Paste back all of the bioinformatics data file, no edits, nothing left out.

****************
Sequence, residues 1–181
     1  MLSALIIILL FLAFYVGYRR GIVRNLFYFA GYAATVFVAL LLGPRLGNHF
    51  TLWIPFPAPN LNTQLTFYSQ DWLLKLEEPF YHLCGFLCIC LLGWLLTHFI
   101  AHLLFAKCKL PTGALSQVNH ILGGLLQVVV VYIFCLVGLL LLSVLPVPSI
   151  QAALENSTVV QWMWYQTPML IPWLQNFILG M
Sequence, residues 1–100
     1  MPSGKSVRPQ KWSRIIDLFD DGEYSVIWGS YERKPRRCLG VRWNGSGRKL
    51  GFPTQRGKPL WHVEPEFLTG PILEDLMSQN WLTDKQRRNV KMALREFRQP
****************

Sequence, residues 1–181
     1  MLSALIIILL FLAFYVGYRR GIVRNLFYFA GYAATVFVAL LLGPRLGNHF
    51  TLWIPFPAPN LNTQLTFYSQ DWLLKLEEPF YHLCGFLCIC LLGWLLTHFI
   101  AHLLFAKCKL PTGALSQVNH ILGGLLQVVV VYIFCLVGLL LLSVLPVPSI
   151  QAALENSTVV QWMWYQTPML IPWLQNFILG M
Sequence, residues 1–100
     1  MPSGKSVRPQ KWSRIIDLFD DGEYSVIWGS YERKPRRCLG VRWNGSGRKL
    51  GFPTQRGKPL WHVEPEFLTG PILEDLMSQN WLTDKQRRNV KMALREFRQP